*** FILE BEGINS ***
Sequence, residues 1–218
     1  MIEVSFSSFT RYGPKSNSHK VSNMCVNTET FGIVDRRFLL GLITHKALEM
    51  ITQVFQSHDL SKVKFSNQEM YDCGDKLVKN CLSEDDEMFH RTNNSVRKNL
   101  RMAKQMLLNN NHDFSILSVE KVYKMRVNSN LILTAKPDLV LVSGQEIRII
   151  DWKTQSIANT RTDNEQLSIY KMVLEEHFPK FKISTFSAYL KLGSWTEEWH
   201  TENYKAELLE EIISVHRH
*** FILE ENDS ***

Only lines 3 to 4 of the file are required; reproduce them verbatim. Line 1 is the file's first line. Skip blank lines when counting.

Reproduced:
    51  ITQVFQSHDL SKVKFSNQEM YDCGDKLVKN CLSEDDEMFH RTNNSVRKNL
   101  RMAKQMLLNN NHDFSILSVE KVYKMRVNSN LILTAKPDLV LVSGQEIRII